Aida Mahmudova, Untitled (still), 2022 / Courtesy of the artist
Aida Mahmudova: Heaven Can Wait
Jun 8 – Oct 22, 2023
YARAT Contemporary Art Space
Baku, Azerbaijan

YARAT Contemporary Art Space presents the exhibition Heaven Can Wait by Azerbaijani artist Aida Mahmudova. In order to explore all the possibilities of our existence, we have to turn to art and the social sciences. While there are universal values of art, we must not forget that our literary and visual context is strictly local. The following point is essential: the reality in which a person feels himself/herself most profoundly is the artistic reality that leads us to the universal reality. Here, Aida Mahmudova takes us to a kind of landscape, to the reality of the landscape, to save us from the claustrophobia of the self.

Although the reality of the landscape that the artist created at the center of the Heaven Can Wait exhibition may seem personal and difficult to understand at first glance, the artist critiques the pathology of the self. On the one hand, life stands before us in all its anatomical reality, and in some cases, life appears as much more than a landscape. However, trying to separate life from the landscape will also lead us to a kind of alienation. All life, all personal or social history, takes place in a landscape, in geography, and there is always some place that resonates in our memory.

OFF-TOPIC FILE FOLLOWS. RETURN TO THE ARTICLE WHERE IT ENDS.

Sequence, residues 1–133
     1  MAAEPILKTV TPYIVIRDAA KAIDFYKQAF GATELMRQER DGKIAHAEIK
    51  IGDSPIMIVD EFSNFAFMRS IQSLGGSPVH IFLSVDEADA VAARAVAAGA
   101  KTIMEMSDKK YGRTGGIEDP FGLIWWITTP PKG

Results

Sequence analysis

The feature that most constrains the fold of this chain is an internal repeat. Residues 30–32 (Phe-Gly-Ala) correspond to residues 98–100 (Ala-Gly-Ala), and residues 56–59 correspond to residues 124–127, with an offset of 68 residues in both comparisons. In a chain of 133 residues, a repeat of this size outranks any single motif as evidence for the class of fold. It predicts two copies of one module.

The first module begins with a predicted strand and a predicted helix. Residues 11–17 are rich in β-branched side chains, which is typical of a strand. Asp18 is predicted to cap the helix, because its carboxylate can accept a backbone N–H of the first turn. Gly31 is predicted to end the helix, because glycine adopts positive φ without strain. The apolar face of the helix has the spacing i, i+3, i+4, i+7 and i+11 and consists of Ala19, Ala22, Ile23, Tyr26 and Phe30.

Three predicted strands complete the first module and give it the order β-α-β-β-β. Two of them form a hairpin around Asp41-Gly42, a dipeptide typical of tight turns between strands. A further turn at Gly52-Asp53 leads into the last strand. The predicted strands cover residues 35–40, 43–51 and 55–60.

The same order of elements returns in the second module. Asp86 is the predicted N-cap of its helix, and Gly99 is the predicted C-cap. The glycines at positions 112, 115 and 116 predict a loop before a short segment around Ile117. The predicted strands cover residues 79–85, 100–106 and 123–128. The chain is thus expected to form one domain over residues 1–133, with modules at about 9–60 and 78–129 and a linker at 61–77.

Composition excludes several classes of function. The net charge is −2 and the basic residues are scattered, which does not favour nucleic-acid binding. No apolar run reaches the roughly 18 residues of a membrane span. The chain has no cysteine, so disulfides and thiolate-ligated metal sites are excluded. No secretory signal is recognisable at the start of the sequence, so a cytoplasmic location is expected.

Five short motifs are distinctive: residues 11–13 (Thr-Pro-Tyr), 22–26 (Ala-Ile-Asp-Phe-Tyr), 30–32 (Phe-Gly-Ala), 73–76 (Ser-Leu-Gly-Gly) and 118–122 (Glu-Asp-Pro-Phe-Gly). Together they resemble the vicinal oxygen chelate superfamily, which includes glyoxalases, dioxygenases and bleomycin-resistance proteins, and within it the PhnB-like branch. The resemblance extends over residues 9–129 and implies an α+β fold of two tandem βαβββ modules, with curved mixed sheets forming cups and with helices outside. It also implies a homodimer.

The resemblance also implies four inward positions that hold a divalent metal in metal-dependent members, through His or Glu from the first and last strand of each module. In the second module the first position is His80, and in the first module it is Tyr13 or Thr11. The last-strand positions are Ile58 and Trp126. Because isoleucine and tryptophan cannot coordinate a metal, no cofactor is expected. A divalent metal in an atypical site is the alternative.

[ . . . ]

Art no longer confines itself to describing, measuring, and analyzing the world as it appears. Mahmudova believes that geography and memory are too abstract to be presented in a naturalist way. While Mahmudova’s works convey that art contributes to the world’s renewal, she states that modern time and space are insecure and introverted. Therefore, the world is depicted as an open composition on the edges of the canvases. Her works can be a means of discovery and expression for the audience; she calls for greater openness and creativity where barriers to meaning are removed.

With a courageous pioneering action, Mahmudova shows us that humanity can transcend borders with appropriate skills and tools. As a result, the exhibition seeks to cross physical and conceptual borders. Unless we cross these borders, we will not have humanist geography. A careful look at the works will provide us with significant clues to understand a little bit about how this can happen, and if we dare.

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